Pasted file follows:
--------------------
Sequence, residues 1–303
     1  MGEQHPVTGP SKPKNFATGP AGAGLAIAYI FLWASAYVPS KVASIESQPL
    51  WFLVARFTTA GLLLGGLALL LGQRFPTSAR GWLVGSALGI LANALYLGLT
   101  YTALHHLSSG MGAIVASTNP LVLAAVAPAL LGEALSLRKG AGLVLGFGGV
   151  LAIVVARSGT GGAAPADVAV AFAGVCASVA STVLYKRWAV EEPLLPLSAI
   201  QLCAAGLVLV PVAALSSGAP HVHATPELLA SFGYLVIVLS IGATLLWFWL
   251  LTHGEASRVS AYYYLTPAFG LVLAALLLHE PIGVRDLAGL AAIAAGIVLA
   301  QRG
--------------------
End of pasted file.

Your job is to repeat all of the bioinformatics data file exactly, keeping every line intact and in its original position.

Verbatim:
Sequence, residues 1–303
     1  MGEQHPVTGP SKPKNFATGP AGAGLAIAYI FLWASAYVPS KVASIESQPL
    51  WFLVARFTTA GLLLGGLALL LGQRFPTSAR GWLVGSALGI LANALYLGLT
   101  YTALHHLSSG MGAIVASTNP LVLAAVAPAL LGEALSLRKG AGLVLGFGGV
   151  LAIVVARSGT GGAAPADVAV AFAGVCASVA STVLYKRWAV EEPLLPLSAI
   201  QLCAAGLVLV PVAALSSGAP HVHATPELLA SFGYLVIVLS IGATLLWFWL
   251  LTHGEASRVS AYYYLTPAFG LVLAALLLHE PIGVRDLAGL AAIAAGIVLA
   301  QRG